Offensively, Kelm contributes just under 13 points per game on 52% shooting. While he has proven at least capable, about a career 24% marksman, from deep, Kelm will look to do his damage against Villanova from the inside.
Matt Tiby and Austin Arians
Tiby and Arians comprise the remaining spots in Milwaukee's front-court. Standing in a 6'8" and 6'6" respectively, the two forwards offer decent size and the ability to stretch the floor. Tiby shoots 32% from distance while Arians comes in at 36%, good for best on the team. Collectively, they combine for 23 points and 10 rebounds per contest.
Defensively, this is an area for Villanova to attack. If Arians is matched up with Darrun Hilliard II, Coach Wright must emphasize the importance of his guard driving into the lane at any chance he gets.
McWhorter acts as a utility man of sorts for the Panthers. The junior out of Racine, Wisconsin (I think this game will set a Villanova record for opponents who call Wisconsin home), fills up the stat sheet in a variety of ways. McWhorter averages 8 points, 4 rebounds, and perhaps most importantly for the Panthers, 4 assists. He also adds 1.5 steals per game. While McWhorter doesn't have the style of play to be a gamebreaker for Milwaukee, he could be a key cog in their upset bid.
No doubt, the Panthers are heavy underdogs in their duel with the Villanova Wildcats. But what are their chances of pulling off the upset? According to ESPN and their Giant Killer Formula, their are four main recipes to follow when looking to pull off a shocker. The first concept is to have a lights out shooter, a la Steph Curry. While Jordan Aaron can get hot and score in bunches, it seems unlikely that he'll be able to single-handedly carry his team to victory. The second is a team that can destroy the giant on the offensive boards. Considering the Panthers were out rebounded by their relatively weak schedule by a -1.5 margin, don't expect the Wildcats to give in on the boards. Third, a team that speeds up the pace and generates steals and turnovers can find a way to pilfer a win. Unfortunately for the Panthers, they rank only 221st in the nation with 5.8 steals per game.
The last quality for giant killers, well, isn't anything specific. In Milwaukee's case, it is likely their toughness and resilience to challenges. According to ESPN's tournament preview, "Throughout the season, the Panthers have risen to the occasion in big games. They don't do any one thing exceptionally well on the court, but they're mentally tough." Sounds like a team we're familiar with, right?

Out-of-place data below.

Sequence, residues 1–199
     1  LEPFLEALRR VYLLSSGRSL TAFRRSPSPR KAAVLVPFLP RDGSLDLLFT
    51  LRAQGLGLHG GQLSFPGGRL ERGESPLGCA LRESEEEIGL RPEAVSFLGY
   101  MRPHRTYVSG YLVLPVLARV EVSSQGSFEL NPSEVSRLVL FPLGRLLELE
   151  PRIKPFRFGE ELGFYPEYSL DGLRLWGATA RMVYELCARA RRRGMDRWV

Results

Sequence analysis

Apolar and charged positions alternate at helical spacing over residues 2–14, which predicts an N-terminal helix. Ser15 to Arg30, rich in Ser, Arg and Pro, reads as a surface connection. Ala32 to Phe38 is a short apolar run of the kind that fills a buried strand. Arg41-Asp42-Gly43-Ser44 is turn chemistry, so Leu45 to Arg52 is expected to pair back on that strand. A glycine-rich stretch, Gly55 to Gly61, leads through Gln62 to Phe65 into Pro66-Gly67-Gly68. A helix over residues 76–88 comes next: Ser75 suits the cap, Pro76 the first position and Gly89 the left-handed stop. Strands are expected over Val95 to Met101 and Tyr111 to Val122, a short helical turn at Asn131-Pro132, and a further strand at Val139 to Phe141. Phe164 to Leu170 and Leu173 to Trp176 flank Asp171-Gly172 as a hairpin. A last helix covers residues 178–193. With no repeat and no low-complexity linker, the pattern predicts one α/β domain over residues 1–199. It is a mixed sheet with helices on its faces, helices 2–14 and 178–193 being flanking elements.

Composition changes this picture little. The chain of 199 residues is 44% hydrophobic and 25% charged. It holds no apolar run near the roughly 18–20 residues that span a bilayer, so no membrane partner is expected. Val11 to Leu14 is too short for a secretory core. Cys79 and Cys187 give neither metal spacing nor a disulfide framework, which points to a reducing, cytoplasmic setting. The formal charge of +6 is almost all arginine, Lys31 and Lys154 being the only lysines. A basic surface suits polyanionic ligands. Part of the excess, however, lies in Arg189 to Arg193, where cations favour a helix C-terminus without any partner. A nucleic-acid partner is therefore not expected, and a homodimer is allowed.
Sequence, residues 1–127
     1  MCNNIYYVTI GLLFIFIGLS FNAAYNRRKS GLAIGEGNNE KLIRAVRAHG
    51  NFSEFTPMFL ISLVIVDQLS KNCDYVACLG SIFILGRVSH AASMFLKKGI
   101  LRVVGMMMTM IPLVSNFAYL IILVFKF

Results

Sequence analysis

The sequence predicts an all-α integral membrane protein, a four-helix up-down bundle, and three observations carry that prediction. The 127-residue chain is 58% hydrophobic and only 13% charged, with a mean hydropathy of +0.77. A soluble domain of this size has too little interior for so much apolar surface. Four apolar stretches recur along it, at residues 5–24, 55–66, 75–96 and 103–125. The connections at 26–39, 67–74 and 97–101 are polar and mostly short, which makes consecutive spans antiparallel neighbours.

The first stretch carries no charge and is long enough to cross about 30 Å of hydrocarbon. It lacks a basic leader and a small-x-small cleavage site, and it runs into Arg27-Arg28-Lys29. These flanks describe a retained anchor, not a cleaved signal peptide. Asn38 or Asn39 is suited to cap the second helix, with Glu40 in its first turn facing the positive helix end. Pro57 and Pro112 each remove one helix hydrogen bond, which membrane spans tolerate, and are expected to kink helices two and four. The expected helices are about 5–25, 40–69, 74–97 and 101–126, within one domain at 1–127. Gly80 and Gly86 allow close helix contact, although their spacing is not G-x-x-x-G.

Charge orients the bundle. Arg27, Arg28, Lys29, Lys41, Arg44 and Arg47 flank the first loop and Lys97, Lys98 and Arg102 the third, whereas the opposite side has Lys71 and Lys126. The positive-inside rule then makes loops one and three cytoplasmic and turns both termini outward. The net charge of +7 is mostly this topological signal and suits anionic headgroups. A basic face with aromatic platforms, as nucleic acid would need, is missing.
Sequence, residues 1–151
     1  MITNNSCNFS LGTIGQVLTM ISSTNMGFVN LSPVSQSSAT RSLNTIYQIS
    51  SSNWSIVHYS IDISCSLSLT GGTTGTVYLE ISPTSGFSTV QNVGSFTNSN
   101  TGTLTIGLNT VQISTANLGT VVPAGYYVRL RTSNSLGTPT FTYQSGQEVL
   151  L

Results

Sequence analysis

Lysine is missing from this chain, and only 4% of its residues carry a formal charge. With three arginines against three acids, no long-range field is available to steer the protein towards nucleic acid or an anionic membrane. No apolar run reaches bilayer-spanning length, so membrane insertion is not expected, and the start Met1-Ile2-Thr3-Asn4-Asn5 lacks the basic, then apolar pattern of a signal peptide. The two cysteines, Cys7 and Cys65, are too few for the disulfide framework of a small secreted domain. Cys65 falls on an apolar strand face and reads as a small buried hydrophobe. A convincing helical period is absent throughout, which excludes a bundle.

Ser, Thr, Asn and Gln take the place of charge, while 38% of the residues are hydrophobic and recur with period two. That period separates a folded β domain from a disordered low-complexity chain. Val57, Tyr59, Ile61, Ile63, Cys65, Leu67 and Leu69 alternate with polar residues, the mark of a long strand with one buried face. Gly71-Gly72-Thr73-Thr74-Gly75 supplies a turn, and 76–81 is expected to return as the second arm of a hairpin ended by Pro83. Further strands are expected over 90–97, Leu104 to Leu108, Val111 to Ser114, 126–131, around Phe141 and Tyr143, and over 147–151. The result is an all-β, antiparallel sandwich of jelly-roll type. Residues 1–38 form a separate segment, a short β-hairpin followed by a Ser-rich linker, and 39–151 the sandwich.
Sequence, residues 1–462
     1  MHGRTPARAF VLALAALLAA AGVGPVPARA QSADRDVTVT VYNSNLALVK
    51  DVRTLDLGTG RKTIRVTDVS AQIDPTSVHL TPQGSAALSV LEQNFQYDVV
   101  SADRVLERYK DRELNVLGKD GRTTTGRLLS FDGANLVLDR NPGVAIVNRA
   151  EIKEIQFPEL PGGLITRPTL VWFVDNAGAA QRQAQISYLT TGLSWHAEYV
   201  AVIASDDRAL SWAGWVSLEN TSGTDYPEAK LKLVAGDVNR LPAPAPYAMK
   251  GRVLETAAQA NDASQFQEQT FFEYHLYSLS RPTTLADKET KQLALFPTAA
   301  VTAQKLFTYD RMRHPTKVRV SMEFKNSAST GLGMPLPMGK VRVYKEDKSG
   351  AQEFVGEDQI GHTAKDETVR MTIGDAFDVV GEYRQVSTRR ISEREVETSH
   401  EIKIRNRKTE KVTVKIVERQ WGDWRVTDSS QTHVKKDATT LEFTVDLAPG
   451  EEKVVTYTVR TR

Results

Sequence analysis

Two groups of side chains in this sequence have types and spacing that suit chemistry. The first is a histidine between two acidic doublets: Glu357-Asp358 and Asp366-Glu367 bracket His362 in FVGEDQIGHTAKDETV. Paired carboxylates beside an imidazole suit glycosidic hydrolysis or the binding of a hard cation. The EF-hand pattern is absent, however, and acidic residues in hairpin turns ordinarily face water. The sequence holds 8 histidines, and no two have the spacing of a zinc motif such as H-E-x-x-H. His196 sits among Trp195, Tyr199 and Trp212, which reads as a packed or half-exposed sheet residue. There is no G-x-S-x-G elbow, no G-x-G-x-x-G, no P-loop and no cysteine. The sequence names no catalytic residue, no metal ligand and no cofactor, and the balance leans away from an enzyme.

For Villanova, this game is all about sticking to what has gotten them here: attacking the paint, unselfish passing, and a knock-you-out defensive mentality. A number of the Wildcats' offensive weapons, namely JayVaughn Pinkston and Darrun Hilliard, will be presented with match-ups they are more than capable of exploiting.
Seton Hall drew up the blue print for beating Villanova, as they dared the Wildcats to beat them with the drive. To the dismay of Villanova fans, they took the bait as their offense grew stagnant and uninspiring in the Big East Tournament quarterfinal. Expect Milwaukee's staff to draw up a similar plan in their opening round showdown.
Villanova owns the advantage in nearly every noticeable aspect of the game: size, athleticism, shooting, and rebounding. If Coach Wright has his players loose and committed to Villanova basketball, the Wildcats should find themselves in the third round of the NCAA Tournament.
The Panthers are led by Coach Rob Jeter. Jeter comes from a family of athletes, including his father Bob Jeter, member of the Green Bay Packers Hall of Fame.
Jeter has bounced around the state of Wisconsin during his coaching career, landing positions as an assistant at Marquette, Milwaukee, and Wisconsin before finally landing the head gig at Milwaukee in 2005. Since then, he's won the Horizon League regular season title in 2006 and 2011. Jeter was rewarded for his work in 2011 with the Conference's Coach of the Year title. His lone other visit to the NCAA Tournament with the Panthers was in 2006.